I've read several questions and articles about things that can cause a
dbUpdateConcurrencyException and none of them seem to be related to what's happening in my code. I have simple functional tests for my CRUD operations, which are using Entity Framework 6.0.
[TestInitialize] inserts some data, and my
[TestCleanup] deletes that same data. This works fine for all my tests except the test that deletes a record. When the cleanup of that test is called, it throws a
My test cleanup method is just this:
var contracts = this.Context.Contract .Where(c => c.EntryUserID == "FunctionalTests.TestData").ToList(); this.Context.Contract.RemoveRange(contracts); this.Context.SaveChanges(); var customers = this.Context.Customer .Where(c => c.EntryUserID == "FunctionalTests.TestData").ToList(); this.Context.Customer.RemoveRange(customers); this.Context.SaveChanges(); //This throws dbUpdateConcurrencyException??
The test that runs just before this fails is deleted a single record from
Context.Contract. A couple weird things:
Context.Contractworks just fine. It's the cleanup of
Context.Customerthat's breaking, even though
Customer.Contractwas what was deleted during the test.
Contract does have a foreign key to
CustomerId. I'm guessing that this is related; deleting the contracts would change the
Customer entity, since the
Customer entity has a collection of contracts property. But again, I'm loading the customers fresh after I've deleted the contracts; so they are not being modified between loading and deleting.
I have tried deleting items one at a time instead of with
RemoveRange(); same error happens on the first delete. I've tried calling
Reload() on a specific
Customer entity before attempting to delete that
Customer; same result.
Also note this works fine for all the other tests that don't delete a Contract. So deleting all the Contracts before deleting the Customers works just fine normally. It's only when a single Contract has been deleted before deleting the rest of the Contracts in the cleanup.
This is the full error message / stack trace:
System.Data.Entity.Infrastructure.DbUpdateConcurrencyException: System.Data.Entity.Infrastructure.DbUpdateConcurrencyException: Store update, insert, or delete statement affected an unexpected number of rows (0). Entities may have been modified or deleted since entities were loaded. See http://go.microsoft.com/fwlink/?LinkId=472540 for information on understanding and handling optimistic concurrency exceptions. ---> System.Data.Entity.Core.OptimisticConcurrencyException: Store update, insert, or delete statement affected an unexpected number of rows (0). Entities may have been modified or deleted since entities were loaded. See http://go.microsoft.com/fwlink/?LinkId=472540 for information on understanding and handling optimistic concurrency exceptions.. Result StackTrace:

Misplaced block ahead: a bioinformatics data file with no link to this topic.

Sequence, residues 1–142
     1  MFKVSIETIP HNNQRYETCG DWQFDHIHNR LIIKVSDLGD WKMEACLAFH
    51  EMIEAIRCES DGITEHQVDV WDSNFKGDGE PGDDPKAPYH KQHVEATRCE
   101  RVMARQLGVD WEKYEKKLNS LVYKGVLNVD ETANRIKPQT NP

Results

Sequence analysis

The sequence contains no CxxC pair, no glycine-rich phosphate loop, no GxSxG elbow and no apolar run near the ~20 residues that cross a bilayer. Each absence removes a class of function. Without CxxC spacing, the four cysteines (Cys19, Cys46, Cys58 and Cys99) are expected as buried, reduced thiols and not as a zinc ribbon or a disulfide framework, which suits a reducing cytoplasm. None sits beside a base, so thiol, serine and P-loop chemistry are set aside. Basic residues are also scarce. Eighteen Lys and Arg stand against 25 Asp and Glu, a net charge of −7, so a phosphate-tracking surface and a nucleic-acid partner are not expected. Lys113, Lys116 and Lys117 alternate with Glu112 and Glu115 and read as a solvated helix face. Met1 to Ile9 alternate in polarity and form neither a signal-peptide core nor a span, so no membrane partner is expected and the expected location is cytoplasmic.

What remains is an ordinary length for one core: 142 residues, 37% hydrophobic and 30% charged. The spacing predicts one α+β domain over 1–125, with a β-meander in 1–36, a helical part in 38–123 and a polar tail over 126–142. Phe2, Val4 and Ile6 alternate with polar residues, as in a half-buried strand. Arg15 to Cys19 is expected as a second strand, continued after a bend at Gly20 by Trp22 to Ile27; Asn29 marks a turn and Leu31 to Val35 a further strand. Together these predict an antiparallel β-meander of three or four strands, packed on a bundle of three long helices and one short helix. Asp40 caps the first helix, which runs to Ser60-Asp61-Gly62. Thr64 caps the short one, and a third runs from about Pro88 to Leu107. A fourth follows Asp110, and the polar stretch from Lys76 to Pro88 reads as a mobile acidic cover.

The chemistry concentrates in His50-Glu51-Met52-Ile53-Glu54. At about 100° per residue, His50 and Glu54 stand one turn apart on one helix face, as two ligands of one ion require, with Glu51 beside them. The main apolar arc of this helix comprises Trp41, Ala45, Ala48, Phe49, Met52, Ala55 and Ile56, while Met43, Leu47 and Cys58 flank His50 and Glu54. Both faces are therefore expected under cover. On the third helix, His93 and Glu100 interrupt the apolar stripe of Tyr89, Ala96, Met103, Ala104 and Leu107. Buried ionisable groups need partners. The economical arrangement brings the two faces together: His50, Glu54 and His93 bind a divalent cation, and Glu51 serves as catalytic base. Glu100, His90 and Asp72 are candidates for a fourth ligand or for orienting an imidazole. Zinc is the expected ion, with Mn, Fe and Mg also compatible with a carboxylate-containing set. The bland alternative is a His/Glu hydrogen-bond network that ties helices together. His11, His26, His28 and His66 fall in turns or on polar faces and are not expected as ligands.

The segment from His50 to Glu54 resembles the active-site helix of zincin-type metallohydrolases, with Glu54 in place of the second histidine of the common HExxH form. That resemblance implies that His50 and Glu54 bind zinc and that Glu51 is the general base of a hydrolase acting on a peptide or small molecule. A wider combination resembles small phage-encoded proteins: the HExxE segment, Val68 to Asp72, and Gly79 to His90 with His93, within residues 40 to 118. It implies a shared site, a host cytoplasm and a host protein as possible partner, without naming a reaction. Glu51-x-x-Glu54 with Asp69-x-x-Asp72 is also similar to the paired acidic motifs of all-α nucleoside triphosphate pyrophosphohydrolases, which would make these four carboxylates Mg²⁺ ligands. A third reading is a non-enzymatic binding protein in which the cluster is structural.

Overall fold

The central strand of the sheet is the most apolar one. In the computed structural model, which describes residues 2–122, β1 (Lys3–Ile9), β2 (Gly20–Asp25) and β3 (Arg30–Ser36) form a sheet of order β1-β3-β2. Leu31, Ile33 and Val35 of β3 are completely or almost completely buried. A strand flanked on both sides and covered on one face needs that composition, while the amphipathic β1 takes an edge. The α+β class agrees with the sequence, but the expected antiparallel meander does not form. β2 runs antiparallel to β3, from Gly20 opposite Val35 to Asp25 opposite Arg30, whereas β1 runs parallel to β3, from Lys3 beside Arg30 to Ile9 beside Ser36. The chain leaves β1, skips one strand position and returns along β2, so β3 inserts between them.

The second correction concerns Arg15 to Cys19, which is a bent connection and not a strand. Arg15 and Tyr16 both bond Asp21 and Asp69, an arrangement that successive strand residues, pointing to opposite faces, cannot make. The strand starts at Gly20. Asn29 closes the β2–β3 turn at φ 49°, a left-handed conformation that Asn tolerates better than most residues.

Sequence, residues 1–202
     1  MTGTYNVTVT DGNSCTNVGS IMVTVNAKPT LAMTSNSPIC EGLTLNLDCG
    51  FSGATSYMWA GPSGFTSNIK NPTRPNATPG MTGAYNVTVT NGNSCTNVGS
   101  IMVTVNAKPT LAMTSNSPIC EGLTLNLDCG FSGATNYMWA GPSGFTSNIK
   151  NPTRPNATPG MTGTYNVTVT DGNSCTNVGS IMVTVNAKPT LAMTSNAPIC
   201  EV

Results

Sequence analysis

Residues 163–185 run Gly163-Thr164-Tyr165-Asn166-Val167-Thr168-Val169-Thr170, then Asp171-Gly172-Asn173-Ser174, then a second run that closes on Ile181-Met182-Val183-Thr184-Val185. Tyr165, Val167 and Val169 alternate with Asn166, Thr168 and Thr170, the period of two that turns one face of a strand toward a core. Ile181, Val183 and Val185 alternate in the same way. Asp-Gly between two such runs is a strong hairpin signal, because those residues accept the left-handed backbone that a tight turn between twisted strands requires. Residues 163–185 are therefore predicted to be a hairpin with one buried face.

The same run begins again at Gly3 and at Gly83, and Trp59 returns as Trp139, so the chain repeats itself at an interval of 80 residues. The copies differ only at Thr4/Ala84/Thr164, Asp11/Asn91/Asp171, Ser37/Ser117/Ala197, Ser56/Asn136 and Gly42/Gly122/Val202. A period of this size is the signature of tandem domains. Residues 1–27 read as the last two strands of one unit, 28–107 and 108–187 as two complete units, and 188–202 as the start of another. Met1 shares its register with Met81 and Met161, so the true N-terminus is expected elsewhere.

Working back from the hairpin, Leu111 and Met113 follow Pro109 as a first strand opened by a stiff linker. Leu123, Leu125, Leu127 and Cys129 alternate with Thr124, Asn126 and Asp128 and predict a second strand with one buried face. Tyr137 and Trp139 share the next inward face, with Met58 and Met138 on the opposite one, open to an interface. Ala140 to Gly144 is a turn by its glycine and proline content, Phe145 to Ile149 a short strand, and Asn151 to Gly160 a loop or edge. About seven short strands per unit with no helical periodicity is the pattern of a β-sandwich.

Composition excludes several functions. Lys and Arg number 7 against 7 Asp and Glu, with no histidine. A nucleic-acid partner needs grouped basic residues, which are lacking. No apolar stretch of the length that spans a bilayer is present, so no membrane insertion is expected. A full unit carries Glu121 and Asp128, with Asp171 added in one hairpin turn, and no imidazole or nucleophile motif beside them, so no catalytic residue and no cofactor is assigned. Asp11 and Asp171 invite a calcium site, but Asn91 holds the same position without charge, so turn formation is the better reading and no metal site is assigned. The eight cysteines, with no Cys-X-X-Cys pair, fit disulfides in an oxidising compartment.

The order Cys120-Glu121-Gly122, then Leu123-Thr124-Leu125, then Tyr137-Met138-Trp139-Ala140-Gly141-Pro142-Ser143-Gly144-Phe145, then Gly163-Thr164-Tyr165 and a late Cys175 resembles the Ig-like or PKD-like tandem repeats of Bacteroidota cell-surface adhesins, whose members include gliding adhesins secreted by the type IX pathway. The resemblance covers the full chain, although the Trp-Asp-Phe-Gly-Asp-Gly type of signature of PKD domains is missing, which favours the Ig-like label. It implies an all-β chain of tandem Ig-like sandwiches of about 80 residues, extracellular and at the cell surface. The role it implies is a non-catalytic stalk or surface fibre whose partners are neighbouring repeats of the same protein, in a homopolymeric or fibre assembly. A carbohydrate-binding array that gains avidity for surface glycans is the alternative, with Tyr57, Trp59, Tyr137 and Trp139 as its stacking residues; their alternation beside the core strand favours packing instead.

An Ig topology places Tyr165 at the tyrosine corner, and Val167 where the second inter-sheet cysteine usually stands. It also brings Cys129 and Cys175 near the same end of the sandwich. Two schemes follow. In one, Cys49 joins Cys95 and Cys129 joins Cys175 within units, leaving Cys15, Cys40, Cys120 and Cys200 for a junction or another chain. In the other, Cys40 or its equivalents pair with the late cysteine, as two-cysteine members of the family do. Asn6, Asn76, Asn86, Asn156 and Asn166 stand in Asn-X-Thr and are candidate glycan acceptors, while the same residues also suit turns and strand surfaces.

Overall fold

at System.Data.Entity.Internal.InternalContext.SaveChanges() at System.Data.Entity.Internal.LazyInternalContext.SaveChanges() at System.Data.Entity.DbContext.SaveChanges()
Inner exception has the exact same type and message, with this stack trace:
at System.Data.Entity.Core.Mapping.Update.Internal.UpdateTranslator.ValidateRowsAffected(Int64 rowsAffected, UpdateCommand source) at System.Data.Entity.Core.Mapping.Update.Internal.UpdateTranslator.Update() at System.Data.Entity.Core.EntityClient.Internal.EntityAdapter.b__2(UpdateTranslator ut) at System.Data.Entity.Core.EntityClient.Internal.EntityAdapter.Update[T](T noChangesResult, Func
2 updateFunction) at System.Data.Entity.Core.EntityClient.Internal.EntityAdapter.Update() at System.Data.Entity.Core.Objects.ObjectContext.<SaveChangesToStore>b__35() at System.Data.Entity.Core.Objects.ObjectContext.ExecuteInTransaction[T](Func1 func, IDbExecutionStrategy executionStrategy, Boolean startLocalTransaction, Boolean releaseConnectionOnSuccess) at System.Data.Entity.Core.Objects.ObjectContext.SaveChangesToStore(SaveOptions options, IDbExecutionStrategy executionStrategy, Boolean startLocalTransaction) at System.Data.Entity.Core.Objects.ObjectContext.<>c__DisplayClass2a.b__27() at System.Data.Entity.SqlServer.DefaultSqlExecutionStrategy.Execute[TResult](Func`1 operation) at System.Data.Entity.Core.Objects.ObjectContext.SaveChangesInternal(SaveOptions options, Boolean executeInExistingTransaction) at System.Data.Entity.Core.Objects.ObjectContext.SaveChanges(SaveOptions options) at System.Data.Entity.Internal.InternalContext.SaveChanges()
I was able to get it to work / work around it by passing the
DbContext that I use in my data setup/teardown to the method that's being tested. In other words, the error seems to be because there was one
DbContext being used for the test setup/teardown, and a different
DbContext being used for the code being tested.
However, this does not really answer any of my questions. I'd rather not have to pass around my
DbContext to make sure it's the same; is there a way I can tell my context to refresh/load from the actual database and not just use what it knows? And also, this doesn't explain at all why deleting the Contracts would work fine, and it only fails on deleting the Customers.
This error is caused because the DBContext used by the test setup and teardown is being loaded when the test setup runs. A different context makes a database change between setup and teardown, and because the first context was loaded during setup, it is based on an "old" version of the database, the one from before the test was run.
The solution is to not have teardown use the same DBContext as the one that setup used. Teardown should load its own new DBContext, so that it will be loaded based on the most recent data.
I had assumed that what matters is the state of the data at the time that the Customers to be deleted were loaded from the database. But apparently what matters is the state of the data at the time that the DBContext was loaded.